As I started the smoking experience of the Tatascan Habano Toro, I still tasted a little bit of the residual sugary sweetness from the sweet tip. Simultaneously, a flavor that was a fusion of coffee and cream (almost like a café au lait) surfaced along with some cedar notes. The coffee and cream became the primary notes early on. Meanwhile, the sugary sweetness soon morphed into a natural tobacco sweetness. As for the retro-hale, I detected several notes of wood.
Throughout the first two-thirds of the Tatascan Habano Toro, I found the natural tobacco sweetness floated in and out of the forefront. Meanwhile, the coffee and cream notes remained grounded in the forefront. Toward the later part of the second third, the cedar notes did increase.
By the last third, the natural tobacco sweetness diminished. The cedar notes closed in on the forefront, but ultimately the coffee and cream notes still remained. This is the way the Tatascan Habano Toro came to a close. The resulting nub was slightly soft to the touch, but cool in temperature.
Burn and Draw
Overall, I found the burn of the Tatascan Habano Toro to be low maintenance. The cigar had no problem maintaining a straight burn path. There was some occasional jaggedness on the actual burn line, but this was easily remedied with some touch-ups and I didn’t find the number of touch-ups to be excessive. The resulting ash was firm with a salt and pepper color complexion. The burn temperature and burn rate were both ideal.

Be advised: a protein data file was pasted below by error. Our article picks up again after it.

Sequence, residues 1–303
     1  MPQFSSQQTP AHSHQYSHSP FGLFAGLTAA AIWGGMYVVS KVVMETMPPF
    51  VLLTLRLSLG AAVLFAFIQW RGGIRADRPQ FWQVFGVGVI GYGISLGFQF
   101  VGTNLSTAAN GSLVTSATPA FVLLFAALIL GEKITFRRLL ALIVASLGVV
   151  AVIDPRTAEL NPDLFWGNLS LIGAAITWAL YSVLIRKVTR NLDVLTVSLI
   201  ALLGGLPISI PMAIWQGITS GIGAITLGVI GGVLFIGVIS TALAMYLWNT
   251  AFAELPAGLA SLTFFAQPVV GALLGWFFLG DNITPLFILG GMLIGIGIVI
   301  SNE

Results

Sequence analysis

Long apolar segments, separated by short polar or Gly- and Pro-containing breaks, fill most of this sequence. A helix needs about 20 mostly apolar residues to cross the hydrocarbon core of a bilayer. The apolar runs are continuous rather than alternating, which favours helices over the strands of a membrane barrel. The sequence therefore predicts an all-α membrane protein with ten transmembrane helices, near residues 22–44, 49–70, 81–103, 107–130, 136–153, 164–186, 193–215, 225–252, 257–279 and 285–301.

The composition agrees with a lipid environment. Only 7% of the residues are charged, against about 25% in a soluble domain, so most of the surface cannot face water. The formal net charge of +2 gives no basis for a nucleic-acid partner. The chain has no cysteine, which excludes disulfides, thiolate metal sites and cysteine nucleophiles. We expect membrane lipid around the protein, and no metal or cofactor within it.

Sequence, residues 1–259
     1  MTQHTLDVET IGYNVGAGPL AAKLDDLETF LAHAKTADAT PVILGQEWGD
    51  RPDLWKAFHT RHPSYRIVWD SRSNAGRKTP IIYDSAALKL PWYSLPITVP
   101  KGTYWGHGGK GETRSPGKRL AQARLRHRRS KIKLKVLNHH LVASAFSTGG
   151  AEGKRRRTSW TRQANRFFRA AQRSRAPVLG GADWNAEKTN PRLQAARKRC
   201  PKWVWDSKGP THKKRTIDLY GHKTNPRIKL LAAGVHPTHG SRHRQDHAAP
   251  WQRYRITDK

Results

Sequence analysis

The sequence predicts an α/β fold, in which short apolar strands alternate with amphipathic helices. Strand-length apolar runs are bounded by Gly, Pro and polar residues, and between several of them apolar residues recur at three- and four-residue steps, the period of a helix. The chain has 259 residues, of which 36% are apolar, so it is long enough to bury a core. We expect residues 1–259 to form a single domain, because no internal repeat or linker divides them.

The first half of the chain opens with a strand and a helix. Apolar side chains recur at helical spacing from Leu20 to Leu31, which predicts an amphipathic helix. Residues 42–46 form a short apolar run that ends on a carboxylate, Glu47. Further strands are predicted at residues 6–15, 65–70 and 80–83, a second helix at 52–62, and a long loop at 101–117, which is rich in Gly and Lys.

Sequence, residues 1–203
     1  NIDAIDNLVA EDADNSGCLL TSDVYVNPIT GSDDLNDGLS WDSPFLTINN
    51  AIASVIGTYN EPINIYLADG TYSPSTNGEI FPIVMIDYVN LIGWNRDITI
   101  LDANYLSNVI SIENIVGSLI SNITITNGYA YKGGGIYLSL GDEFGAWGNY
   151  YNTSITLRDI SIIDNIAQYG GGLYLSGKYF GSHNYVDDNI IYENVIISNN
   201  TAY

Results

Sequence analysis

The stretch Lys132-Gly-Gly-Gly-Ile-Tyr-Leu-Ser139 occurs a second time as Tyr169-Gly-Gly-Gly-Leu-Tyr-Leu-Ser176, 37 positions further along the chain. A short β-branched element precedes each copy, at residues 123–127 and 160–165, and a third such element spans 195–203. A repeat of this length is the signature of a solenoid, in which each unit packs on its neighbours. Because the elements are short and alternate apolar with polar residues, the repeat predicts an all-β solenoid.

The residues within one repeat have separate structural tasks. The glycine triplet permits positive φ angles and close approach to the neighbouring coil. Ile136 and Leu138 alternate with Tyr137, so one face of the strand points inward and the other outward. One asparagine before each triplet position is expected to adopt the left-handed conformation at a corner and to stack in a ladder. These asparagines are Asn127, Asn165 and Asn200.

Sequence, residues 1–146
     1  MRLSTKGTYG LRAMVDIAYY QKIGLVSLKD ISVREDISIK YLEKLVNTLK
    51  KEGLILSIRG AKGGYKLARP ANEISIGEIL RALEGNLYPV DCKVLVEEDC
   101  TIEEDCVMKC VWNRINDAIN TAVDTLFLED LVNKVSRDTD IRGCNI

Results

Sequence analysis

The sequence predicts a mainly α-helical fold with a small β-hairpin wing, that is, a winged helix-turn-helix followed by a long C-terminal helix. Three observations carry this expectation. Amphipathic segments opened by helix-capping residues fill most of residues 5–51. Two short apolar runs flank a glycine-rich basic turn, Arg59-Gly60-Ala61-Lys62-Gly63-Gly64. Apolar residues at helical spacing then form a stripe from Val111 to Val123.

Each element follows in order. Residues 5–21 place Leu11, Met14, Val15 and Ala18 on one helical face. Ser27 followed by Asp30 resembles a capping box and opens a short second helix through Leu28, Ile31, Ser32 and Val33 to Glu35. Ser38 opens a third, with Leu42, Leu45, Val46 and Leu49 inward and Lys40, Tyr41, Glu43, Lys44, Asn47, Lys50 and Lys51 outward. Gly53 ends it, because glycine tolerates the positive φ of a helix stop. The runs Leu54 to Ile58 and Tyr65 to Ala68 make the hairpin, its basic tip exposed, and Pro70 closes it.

The draw to the Tatascan Habano Toro also performed quite well. It was not too loose, nor too tight – and it was quite easy to derive flavor from this cigar.
Strength and Body
The Tatascan Habano Toro can best be described as a “dialed back”, but definitely not short on flavor. Strength-wise the cigar started out mild and by the second half, the strength moved into mild to medium territory. Meanwhile, the body started out mild to medium, but by the second half, it had progressed into medium territory.
In terms of strength versus body, I found the body had the edge from start to finish.
I think sweet-tipped cigars sometimes get an unfair rap. A sweet-tipped cigar simply has a little bit of sweetness from a sweet gum that is applied to the cap and is different than an infused or flavored cigar. While certainly sweet-tipped cigars are geared for the novice enthusiast, I have also enjoyed smoking them over the years. The Tatascan Habano Toro is an example of a very good one. In fact, I found the other flavors of the Tatascan Habano Toro to shine more prominently because of the sweet tip. Priced under $6.00, I also found this cigar to be an incredible value. It’s an enjoyable cigar any time of the day and one that earns box purchase consideration.
Key Flavors: Natural Sugar (early), Natural Tobacco, Coffee, Cream, Cedar
Strength: Mild (1st Half), Mild to Medium (2nd Half)
Body: Mild to Medium (1st Half), Medium (2nd Half)
Assessment: 4.0-Box Worthy
Photo Credits: Cigar Coop